What is Nursemaid's Elbow?
Nursemaid's elbow or annular ligament displacement/radial head subluxation is an injury to the ligament that keeps the radius and ulna (bones of the forearm) in position. Nursemaid's elbow is a common injury that occurs in children under 3 but can occur at any age. It occurs when a strong force is applied to the forearm. In hearing this, many may feel that this sort of injury is abuse related. While it is true that this injury can occur, for instance, by a person yanking a young child’s arm, most forearm displacements occur during normal play such as:
-Climbing on monkey bars at the playground
-Swinging by the arms
-Being picked up by the arms
-Pulling arms through a coat
-Grabbing a child by the hand to prevent a fall
Symptoms of Nursemaid's Elbow
Immediately after the injury the child will begin to cry and hold the injured forearm close to their body. Shortly there after, the child would probably return to normal activity except without use of the affected arm. There is generally no swelling or skin discoloration.
Treatment of Nursemaid's Elbow
First occurrences of this type of injury should be evaluated by a medical professional so a proper diagnosis can be made. Many times doctors instruct caregivers on how to properly “reset” this injury due to the increased likelihood of reoccurrence. If left untreated permanent disability with the affected arm could occur.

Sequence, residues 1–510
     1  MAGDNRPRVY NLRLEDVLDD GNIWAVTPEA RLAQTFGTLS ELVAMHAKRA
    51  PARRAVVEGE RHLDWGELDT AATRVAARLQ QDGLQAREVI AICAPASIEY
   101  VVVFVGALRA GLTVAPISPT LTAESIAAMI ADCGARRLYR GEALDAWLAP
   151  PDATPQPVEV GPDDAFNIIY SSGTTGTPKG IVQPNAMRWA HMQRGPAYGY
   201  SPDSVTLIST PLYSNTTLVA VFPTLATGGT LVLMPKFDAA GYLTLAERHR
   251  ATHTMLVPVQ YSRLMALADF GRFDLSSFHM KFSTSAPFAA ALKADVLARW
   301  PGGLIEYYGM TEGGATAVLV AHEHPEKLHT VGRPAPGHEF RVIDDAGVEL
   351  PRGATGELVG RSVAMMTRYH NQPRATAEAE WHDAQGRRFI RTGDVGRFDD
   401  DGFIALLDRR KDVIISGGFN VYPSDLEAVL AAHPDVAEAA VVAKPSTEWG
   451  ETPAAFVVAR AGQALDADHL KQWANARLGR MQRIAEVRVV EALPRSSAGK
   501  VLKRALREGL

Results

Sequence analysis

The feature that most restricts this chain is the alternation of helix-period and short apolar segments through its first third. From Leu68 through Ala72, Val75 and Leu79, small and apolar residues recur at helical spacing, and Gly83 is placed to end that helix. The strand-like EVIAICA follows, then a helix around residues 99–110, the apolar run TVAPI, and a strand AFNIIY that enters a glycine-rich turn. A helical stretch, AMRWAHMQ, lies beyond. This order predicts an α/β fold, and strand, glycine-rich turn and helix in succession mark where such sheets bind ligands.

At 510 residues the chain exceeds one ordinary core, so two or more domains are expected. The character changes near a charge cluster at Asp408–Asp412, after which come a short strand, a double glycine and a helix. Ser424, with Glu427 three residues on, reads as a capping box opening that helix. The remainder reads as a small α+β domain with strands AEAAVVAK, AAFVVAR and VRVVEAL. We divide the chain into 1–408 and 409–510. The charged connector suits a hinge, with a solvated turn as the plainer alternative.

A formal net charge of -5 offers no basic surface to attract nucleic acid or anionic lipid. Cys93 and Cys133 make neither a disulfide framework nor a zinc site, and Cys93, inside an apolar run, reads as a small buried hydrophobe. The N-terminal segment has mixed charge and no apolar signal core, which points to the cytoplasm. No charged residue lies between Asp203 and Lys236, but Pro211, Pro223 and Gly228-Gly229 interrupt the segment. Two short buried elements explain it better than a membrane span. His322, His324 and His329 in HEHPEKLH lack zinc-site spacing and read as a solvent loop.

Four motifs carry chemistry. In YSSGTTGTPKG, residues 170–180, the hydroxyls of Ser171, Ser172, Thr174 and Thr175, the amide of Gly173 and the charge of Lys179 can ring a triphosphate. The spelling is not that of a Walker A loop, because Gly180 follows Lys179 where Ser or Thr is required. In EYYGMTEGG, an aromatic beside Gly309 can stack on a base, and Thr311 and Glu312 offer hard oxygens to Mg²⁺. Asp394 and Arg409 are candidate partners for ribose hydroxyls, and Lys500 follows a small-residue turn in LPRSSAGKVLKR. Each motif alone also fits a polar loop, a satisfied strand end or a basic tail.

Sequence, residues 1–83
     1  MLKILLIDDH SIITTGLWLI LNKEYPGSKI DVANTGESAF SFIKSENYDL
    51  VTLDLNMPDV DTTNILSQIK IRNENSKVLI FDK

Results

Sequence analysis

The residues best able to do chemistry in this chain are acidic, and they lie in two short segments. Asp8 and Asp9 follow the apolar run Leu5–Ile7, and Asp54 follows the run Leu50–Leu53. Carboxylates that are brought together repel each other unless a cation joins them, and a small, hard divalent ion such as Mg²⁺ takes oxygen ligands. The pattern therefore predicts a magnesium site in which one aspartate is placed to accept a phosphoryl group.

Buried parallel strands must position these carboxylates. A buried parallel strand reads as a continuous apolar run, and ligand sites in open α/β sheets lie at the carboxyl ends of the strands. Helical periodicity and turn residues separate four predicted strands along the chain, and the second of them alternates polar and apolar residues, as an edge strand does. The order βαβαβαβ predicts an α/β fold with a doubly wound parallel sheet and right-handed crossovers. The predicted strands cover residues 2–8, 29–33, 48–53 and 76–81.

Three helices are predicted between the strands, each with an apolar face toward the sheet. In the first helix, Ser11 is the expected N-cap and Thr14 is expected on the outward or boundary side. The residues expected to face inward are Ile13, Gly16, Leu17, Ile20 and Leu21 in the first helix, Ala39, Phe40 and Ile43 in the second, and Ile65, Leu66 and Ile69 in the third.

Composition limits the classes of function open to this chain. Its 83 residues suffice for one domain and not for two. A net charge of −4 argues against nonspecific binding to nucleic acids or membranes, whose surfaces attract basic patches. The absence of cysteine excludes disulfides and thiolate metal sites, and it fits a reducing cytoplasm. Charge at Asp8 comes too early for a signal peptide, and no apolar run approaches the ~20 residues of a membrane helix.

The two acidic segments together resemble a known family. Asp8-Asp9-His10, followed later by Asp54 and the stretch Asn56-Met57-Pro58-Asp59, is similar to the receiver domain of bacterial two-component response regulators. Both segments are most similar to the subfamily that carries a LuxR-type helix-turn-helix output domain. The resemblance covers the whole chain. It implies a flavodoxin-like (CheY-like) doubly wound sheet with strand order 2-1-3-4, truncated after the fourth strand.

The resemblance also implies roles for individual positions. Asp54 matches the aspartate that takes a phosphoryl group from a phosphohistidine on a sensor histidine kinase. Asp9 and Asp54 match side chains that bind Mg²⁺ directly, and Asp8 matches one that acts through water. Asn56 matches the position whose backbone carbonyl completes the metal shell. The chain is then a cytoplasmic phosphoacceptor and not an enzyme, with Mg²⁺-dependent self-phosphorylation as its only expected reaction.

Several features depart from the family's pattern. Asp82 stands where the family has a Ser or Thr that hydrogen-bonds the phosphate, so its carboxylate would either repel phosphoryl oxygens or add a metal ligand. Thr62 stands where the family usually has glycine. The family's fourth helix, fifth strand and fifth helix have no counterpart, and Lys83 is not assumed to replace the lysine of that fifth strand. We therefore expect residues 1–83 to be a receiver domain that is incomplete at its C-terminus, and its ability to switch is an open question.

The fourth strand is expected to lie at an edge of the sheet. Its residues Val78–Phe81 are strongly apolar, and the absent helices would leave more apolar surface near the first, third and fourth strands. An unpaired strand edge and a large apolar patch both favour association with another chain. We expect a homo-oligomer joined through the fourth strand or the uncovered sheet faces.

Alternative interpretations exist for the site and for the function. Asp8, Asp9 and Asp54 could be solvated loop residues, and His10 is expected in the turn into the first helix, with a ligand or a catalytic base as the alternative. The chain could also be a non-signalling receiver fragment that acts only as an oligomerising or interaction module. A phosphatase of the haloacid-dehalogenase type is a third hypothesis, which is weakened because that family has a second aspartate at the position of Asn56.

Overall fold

Nursemaid's elbow can be treated quickly in a doctor’s office (reduction). If the child is unable to be seen in the office the child should be taken to an emergency department for treatment. X-rays are generally not required unless swelling or discoloration occurs or if the child is unable to properly use their arm shortly after reduction.
After treatment the child should be back to normal without pain or discoloration and have full use of affected arm. If the child develops pain, swelling, discoloration or any other difficulties medical evaluation is needed.
Prevention of Nursemaid's Elbow Injuries
Preventing nursemaid's elbow injury is key especially if a child has already suffered this type of injury.
-Never pick up a child by their hands or arms
-Always pick up a child under their arms/armpits or around their waist
-Never grab and yank a child by their arms whether it is for discipline or horseplay
-If you’re holding a child by the hand and they begin to wiggle to try and get free, let go and hold them another way.
This information should be used for general education purposes and is not intended to diagnose or treat any health concerns. Any questions or concerns should be brought to the attention of your healthcare provider.